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    Archive for the ‘Five A Day campaign’ Category

    You Ask, I Answer: Ideal Vegetable Intake?

    veggiesI am more than familiar with the “five a day” concept of vegetables, but is there such a thing as an ideal intake of vegetables?

    For example, are there guidelines for specific types of vegetables we should be eating?

    — Maria Purken
    (Location withheld)

    There most certainly are guidelines.

    Let’s first clarify the concept of “five a day” when it comes to vegetable intake.

    At recent lectures and talks, some people have expressed confusion with the notion of “vegetable servings”.

    “Five a day” refers to eating 5 half-cup servings of vegetables every day.

    FYI: while most vegetable servings are set at a half-cup, it takes a whole cup of raw leafy green vegetables (like lettuce, spinach, and arugula) to make a serving.

    In any case, of those recommended two-and-a-half cups of vegetables a day, here is how it should ideally break down, per the Dietary Guidelines for Americans:

    • One half cup of dark, leafy green vegetables
    • One half cup of orange vegetables

    The remaining one-and-a-half cups can come from starchy vegetables (i.e.: potatoes, corn) or other non-starchy vegetables (i.e.: red peppers, mushrooms, asparagus, onions, etc.)

    That said, I don’t like the nutritional tunnel-vision that can happen when one only considers daily intake.

    I find it much more helpful to take a “bigger picture” approach and consider weekly consumption patterns.

    I know from experience that there are days when I eat three servings of vegetables, and others where I might get as many as eight or nine.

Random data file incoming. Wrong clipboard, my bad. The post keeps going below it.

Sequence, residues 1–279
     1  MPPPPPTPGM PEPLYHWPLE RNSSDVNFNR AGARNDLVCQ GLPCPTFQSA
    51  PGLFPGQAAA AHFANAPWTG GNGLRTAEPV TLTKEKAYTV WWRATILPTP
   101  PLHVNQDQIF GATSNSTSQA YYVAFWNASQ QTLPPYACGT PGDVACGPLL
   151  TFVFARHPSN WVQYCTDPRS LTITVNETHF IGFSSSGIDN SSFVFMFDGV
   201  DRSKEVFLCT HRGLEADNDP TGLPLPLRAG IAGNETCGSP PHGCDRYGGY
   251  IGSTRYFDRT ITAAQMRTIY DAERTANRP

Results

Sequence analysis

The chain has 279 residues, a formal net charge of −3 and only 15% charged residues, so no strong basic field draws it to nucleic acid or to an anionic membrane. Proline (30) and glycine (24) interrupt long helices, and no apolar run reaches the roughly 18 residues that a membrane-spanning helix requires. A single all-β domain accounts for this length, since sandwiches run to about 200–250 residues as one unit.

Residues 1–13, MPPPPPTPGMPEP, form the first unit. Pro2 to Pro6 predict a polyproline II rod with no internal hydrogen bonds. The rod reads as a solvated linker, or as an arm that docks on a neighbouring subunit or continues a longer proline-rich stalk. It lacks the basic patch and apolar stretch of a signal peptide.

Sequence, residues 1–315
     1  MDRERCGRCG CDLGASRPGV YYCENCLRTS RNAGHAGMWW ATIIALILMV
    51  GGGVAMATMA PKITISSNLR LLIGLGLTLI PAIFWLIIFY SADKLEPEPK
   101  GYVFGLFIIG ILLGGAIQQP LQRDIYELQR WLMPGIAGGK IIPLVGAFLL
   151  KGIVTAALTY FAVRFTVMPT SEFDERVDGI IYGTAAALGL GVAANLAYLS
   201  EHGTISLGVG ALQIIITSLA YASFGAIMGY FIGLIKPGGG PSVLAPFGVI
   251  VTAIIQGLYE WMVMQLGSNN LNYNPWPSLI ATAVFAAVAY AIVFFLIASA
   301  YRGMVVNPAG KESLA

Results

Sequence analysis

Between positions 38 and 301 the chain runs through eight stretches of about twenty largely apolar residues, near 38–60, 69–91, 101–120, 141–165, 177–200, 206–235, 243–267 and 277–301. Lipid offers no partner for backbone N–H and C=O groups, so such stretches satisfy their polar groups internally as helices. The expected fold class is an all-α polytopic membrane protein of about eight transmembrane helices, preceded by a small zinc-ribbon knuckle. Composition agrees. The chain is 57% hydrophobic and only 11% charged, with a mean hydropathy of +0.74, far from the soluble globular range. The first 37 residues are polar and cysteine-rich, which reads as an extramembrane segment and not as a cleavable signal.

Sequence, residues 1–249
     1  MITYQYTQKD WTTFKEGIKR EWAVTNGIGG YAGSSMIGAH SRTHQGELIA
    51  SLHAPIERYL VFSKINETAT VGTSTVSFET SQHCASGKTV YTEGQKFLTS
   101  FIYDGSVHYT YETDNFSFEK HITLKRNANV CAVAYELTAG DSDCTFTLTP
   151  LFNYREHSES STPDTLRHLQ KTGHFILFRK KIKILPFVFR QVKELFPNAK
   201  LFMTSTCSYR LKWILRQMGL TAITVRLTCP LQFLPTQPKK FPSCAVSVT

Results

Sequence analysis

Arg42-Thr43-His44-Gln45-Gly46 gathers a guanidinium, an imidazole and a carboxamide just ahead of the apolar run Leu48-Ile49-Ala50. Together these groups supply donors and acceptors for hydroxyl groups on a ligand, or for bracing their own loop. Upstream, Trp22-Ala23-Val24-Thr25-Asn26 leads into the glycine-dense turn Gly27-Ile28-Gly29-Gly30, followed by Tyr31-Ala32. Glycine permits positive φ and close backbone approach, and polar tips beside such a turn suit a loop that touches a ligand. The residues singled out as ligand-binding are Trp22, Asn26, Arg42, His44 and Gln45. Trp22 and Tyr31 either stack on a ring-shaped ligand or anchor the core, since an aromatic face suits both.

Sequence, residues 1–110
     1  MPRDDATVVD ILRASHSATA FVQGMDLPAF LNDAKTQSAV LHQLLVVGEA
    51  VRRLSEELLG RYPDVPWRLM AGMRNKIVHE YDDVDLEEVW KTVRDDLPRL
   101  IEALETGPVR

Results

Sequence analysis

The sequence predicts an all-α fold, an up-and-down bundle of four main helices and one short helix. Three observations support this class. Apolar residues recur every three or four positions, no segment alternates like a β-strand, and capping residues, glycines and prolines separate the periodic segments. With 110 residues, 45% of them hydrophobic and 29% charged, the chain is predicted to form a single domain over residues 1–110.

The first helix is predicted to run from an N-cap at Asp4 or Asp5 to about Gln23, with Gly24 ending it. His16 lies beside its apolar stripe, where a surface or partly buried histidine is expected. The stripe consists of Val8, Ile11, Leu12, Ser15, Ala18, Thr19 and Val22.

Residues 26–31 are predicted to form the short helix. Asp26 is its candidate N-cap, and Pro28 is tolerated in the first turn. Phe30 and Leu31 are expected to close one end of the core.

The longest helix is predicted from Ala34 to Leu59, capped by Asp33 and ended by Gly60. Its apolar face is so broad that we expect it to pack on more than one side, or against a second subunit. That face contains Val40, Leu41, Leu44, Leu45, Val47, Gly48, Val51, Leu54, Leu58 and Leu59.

In fact, the actual guidelines are expressed as weekly — rather than daily — amounts.

    Bottom line, though, you want to make sure to get orange and dark, leafy green vegetables regularly!

    Remember, too, that two-and-a-half-cups is simply a goal.  It’s perfectly okay to have three or three-and-a-half-cups in one day.

    PS: Vegetable servings aren’t as daunting as some people think.  Consider, for example, that one of these servings is equal to ten baby carrots!

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    Numbers Game: Answer

    In 2007, Masterfoods USA– a division of Mars, Inc. — spent $ 100 million advertising M&M’s chocolate candies in “offline” media (AKA everything except the Internet).

    That’s actually a pretty standard expense for the top candy and chocolate manufacturers!

    Meanwhile, the Five A Day campaign (advocating the consumption of at least five servings of fruits and vegetables a day) had a $4 million advertising budget to spread their message across the United States in 2004.

    By the way, that campaign was relaunched in 2007 after 15 years under the name “More Matters.”

    Rather than focus on one set number, consideration is given to individual guidelines based on varying calorie levels (some people only require four servings a day, while others should be getting eleven.)

    This campaign’s annual advertising budget? $3.5 million.

    SOS, anyone?

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